According to the University of Sydney, Australians spend a staggering 700 million hours volunteering each year. Which boils down to about 30 hours per person, per year. That is a lot for an individualised culture who seem to be very selfish. So why do people volunteer? Are there selfish motivations or ulterior motives? It turns out there is! Volunteering is good for you as well as those you assist. This is especially true for those who volunteer in a field they are passionate about.
So, what are the benefits?
- You feel a sense of community
When you are a brick in the wall of an ongoing project you might start to feel part of a large indestructible force as you begin to be accepted by those around you and to understand your significance within the group. As humans we tend to seek out these relationships fervently and studies have shown that we receive a large amount of health benefits from them. Harvard Medical School reported on the findings that social interaction helps relieve harmful levels of stress, which can adversely affect coronary arteries, gut function, insulin regulation, and the immune system. There is also the suggestion that caring behaviours trigger the release of stress-reducing hormones. So, having a cause to focus on with a social group may be good for your health.
- You feel accomplished and helpful
A sense of accomplishment is something many of us want from our lives and the tasks we complete. This is something that may be especially evident when we apply ourselves to tasks which have a benefit to others. Seeing how our work helps people can lead to feeling gratified and fulfilled. Helping others is also contagious. If you help someone, they may be more likely to help you; and not just you. Sometimes people see others being helpful (and how happy it makes them) and they want to contribute as well. Being helpful sometimes inspires, motivates and creates an environment to provide solutions to individual problems.
- It builds your confidence
The sense of accomplishment you might gain when helping people, can be accompanied by a boost in your own perception and confidence of self. HelpGuide.org states that your role as a volunteer can also give you a sense of pride and identity. The better you feel about yourself, the more likely you are to have a positive view of your life and future goals. We all know the effect injecting a little positivity into your life can have. When confidence breeds confidence, even the people around you may begin to have pride in themselves, inadvertently helping more than just those you’re volunteering for.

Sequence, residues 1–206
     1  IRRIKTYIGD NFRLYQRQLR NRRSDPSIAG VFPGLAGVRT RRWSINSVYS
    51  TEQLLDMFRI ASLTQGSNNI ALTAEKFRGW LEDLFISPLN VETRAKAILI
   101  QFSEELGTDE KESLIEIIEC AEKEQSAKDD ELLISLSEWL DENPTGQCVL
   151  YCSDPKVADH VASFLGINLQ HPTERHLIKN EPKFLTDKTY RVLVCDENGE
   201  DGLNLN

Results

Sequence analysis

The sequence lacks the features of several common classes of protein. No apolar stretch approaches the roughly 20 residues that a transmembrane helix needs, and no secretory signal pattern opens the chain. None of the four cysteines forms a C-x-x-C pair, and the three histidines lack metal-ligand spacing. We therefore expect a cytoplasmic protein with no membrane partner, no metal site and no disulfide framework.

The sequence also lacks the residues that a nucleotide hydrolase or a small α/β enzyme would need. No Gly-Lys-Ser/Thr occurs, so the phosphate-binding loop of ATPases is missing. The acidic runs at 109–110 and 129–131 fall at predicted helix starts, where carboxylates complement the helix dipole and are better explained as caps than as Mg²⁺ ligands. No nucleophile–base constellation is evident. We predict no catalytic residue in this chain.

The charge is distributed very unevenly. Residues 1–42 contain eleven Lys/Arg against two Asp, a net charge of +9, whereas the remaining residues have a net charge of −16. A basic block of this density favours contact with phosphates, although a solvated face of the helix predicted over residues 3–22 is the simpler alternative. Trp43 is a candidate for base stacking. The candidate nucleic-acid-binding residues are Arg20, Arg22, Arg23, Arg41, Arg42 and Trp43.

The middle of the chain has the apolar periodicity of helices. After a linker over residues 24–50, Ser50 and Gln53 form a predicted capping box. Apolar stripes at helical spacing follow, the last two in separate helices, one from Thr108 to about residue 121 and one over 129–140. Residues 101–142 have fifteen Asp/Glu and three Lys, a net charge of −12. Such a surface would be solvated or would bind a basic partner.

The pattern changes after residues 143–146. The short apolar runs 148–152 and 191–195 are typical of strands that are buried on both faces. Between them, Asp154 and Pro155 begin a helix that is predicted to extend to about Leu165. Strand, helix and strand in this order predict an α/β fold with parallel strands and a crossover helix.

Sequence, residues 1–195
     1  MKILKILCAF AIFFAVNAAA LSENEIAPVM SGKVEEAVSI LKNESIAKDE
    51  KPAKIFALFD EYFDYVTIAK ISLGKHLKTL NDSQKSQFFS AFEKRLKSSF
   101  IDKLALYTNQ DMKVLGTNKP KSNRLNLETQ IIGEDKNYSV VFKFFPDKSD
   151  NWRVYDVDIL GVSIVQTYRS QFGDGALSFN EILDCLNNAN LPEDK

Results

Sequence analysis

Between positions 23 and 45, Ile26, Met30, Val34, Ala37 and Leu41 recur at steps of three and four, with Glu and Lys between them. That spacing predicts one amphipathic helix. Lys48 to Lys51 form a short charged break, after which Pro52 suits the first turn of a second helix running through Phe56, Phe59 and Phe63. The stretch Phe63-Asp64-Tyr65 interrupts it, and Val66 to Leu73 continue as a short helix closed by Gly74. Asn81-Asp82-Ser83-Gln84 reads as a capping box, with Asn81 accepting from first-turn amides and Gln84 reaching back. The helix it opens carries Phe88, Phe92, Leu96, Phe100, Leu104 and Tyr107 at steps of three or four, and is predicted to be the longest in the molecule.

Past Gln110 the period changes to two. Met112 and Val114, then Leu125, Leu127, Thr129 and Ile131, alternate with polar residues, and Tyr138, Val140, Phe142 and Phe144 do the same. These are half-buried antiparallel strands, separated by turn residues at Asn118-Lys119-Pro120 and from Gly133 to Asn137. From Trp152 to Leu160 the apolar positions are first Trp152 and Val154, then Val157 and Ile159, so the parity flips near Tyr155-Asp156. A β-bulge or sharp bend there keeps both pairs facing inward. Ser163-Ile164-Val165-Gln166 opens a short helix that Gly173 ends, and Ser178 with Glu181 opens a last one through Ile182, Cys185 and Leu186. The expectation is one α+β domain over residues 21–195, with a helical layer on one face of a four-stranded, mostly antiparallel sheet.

- You get the opportunity to learn new skills
Volunteering offers you the chance to do something you wouldn’t normally partake in. Learning something new can increase brain function, allowing you to learn even more new skills, quickly and with greater ease. Essentially utilising the knowledge fire, while adding more coal. Learning new skills might make you a more interesting person and expand your social horizons. It can lead to spending time with new and interesting people, offering up new and interesting topics for conversation.
- Happiness is contagious
Moods can be contagious! If you walk into a room and someone is angry, you may start to get frustrated as well. Same goes with happiness. If you are truly enjoying a situation, you might influence the mood of those around you. Can you recall people who are so positive that they light up the room and mood seems to lighten with them? This atmosphere is conducive to conveying that nice fuzzy feeling in our own hearts, which can encourage you to reciprocate and so on and so on… Then all of a sudden we are all smiley fools, in a group of other smiley fools, passing our smiley foolishness on to the next smiley fool!
These five benefits are just the tip of the iceberg. Many people seem to find volunteering unending in advantages, which is why there is so much of it around, especially in times of crisis. It’s a strength of human nature to rally together, even in an individualistic society. So, by supporting others, especially those in need, we are in fact supporting ourselves
ARTICLE WRITTEN BY JAYMEE RICHARDS